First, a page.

Can you grow it? Not all vegetables grow satisfactorily in ail climates.
Qui mi sembra che l'autore dell'articolo sia un po' ... beh, mi sono capito! Basta andare al negozio all'angolo e guardare cosa vendono. Normalmente è quello che i clienti chiedono ed è quello che piantano ... quindi dovrebbe anche crescere!

Do you have room for it? There are plants that are rather like large pets - they're very endearing, but you just can't live with them because they're too big.
Qui si torna al discorso delle decisioni ... quale coltura per quale spazio ...

Una buona domanda, invece è
Is it worth the bother? Some vegetables require very little nurturing, and you can grow them with a
minimum of toil. Others require special attention and need to be babied. Celery and cauliflower, for example, have to be blanched - blanching is a process that deprives the plant (or part of the plant) of sunlight in order to whiten it and improve its flavor, color, or texture. Before choosing a crop that's going to need special handling, be sure you really want to give it that much attention. Some crops, too, are bothered a lot by insects or plant diseases - corn is one of them. If you're not willing to deal with these problems as they occur, this type of crop is going to cause you more disappointment than satisfaction.

Che è anche legato a quest'altra
Are you trying to save money? Another factor to consider when you're deciding what to plant the
practical matter of economics - is the vegetable worth growing, or would it be cheaper to buy it? Some vegetables are readily available and inexpensive to buy, but would produce only low yields from a large space if you grew them in your garden. Corn, for instance, is inexpensive to buy when it's In season, but in your garden it needs a lot of growing space and often only gives you one harvestable ear from a whole plant. You may decide not to grow corn and settle instead for a crop like endive, which is expensive in the store but as easy as leaf lettuce to grow.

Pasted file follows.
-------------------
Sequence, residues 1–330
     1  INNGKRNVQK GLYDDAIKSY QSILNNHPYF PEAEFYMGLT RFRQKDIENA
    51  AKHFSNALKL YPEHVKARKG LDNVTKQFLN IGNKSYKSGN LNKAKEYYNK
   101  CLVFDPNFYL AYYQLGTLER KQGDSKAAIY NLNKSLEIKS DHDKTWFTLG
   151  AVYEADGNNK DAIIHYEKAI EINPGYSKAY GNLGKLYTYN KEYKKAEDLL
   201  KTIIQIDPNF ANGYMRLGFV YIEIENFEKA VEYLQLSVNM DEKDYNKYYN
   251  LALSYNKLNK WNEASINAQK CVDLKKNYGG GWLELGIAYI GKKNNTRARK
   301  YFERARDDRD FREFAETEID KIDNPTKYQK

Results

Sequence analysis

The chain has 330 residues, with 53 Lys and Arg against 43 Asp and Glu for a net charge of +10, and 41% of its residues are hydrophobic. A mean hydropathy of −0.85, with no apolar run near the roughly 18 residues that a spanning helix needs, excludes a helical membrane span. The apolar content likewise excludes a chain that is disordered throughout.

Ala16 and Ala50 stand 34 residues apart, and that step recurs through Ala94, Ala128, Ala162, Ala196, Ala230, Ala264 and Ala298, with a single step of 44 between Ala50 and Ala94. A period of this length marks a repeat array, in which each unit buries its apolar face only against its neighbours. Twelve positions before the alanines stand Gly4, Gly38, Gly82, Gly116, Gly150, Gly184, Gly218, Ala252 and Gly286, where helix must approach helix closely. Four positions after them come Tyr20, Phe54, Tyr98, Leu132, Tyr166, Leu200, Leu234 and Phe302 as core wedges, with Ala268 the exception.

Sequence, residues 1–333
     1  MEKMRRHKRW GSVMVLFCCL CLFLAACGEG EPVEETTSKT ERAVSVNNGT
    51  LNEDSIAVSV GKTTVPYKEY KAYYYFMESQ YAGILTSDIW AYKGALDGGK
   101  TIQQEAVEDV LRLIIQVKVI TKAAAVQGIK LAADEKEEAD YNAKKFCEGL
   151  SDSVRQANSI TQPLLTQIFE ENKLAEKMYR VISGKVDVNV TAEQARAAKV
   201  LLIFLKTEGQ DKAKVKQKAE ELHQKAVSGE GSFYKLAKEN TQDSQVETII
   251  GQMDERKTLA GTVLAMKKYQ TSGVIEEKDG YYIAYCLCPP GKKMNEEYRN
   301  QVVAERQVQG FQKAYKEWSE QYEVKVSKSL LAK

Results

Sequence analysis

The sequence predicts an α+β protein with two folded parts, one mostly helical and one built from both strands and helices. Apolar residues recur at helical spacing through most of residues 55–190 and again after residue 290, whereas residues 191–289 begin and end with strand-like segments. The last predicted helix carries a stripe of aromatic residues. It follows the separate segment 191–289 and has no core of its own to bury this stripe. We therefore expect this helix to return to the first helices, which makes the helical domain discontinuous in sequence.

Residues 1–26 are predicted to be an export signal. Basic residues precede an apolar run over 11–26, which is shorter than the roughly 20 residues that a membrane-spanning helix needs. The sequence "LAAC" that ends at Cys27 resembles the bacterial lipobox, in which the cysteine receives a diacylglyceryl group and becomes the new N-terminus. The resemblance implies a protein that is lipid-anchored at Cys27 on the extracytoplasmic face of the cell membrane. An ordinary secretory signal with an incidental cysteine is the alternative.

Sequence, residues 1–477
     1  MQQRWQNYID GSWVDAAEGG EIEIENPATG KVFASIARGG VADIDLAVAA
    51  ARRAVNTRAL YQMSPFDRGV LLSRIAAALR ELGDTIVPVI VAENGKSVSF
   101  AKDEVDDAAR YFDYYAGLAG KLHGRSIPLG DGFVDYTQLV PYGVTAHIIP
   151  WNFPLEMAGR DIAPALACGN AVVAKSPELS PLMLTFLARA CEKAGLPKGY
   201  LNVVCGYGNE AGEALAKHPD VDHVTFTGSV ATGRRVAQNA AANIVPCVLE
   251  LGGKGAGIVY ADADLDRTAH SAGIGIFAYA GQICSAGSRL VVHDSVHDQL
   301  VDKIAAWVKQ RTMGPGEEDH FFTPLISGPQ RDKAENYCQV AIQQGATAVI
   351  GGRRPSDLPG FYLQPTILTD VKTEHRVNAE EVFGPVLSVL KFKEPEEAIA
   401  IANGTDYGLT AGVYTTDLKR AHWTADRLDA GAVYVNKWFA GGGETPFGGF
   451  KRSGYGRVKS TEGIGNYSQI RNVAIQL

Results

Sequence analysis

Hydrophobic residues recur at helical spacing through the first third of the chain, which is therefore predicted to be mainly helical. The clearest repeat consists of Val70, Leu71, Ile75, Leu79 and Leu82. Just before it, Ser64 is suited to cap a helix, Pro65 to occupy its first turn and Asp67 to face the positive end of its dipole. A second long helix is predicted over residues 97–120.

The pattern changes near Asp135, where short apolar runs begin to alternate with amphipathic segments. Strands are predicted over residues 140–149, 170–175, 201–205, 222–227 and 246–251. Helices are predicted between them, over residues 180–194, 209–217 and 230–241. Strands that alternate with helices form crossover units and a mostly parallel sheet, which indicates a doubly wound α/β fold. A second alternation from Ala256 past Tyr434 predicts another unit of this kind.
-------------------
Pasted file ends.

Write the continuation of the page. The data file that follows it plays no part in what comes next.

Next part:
How much is enough - or too much?
Your initial decision about the vegetables you'd enjoy growing and eating-and that you think you can
grow successfully In the conditions you have to deal with - is the first step to planning a well-thought-out, productive vegetable garden. But this is the point where you discover that you still have very little Idea of how much of each vegetable to grow. You know you want to eat some of your crop and freeze, pickle, or preserve some. But how many seeds should you plant to enable you to achieve those ends?
Se la matematica non è un'opinione, dato una certa superficie e data la superficie pro pianta, ottengo il numero dei semi che posso piantare contemporaneamente su quel pezzo di suolo. Il che non vuol dire che non ne posso, successivamente, piantare altri .... per arrivare alla quantità "fabbisogno" di cui sopra ....

Plan how to use your crop
Do you want to freeze, can, dry, pickle, or store?
There's more than one way to preserve a crop. You can freeze, can, dry, or make preserves and
pickles.
Qui andiamo un po' sul filosofico della spesa per la conservazione ... comunque può essere uno spunto.

fonte: http://garden-design.webgardenguide.com/Planning_your_garden___what_to_grow_and_how_much_5283_567_2.html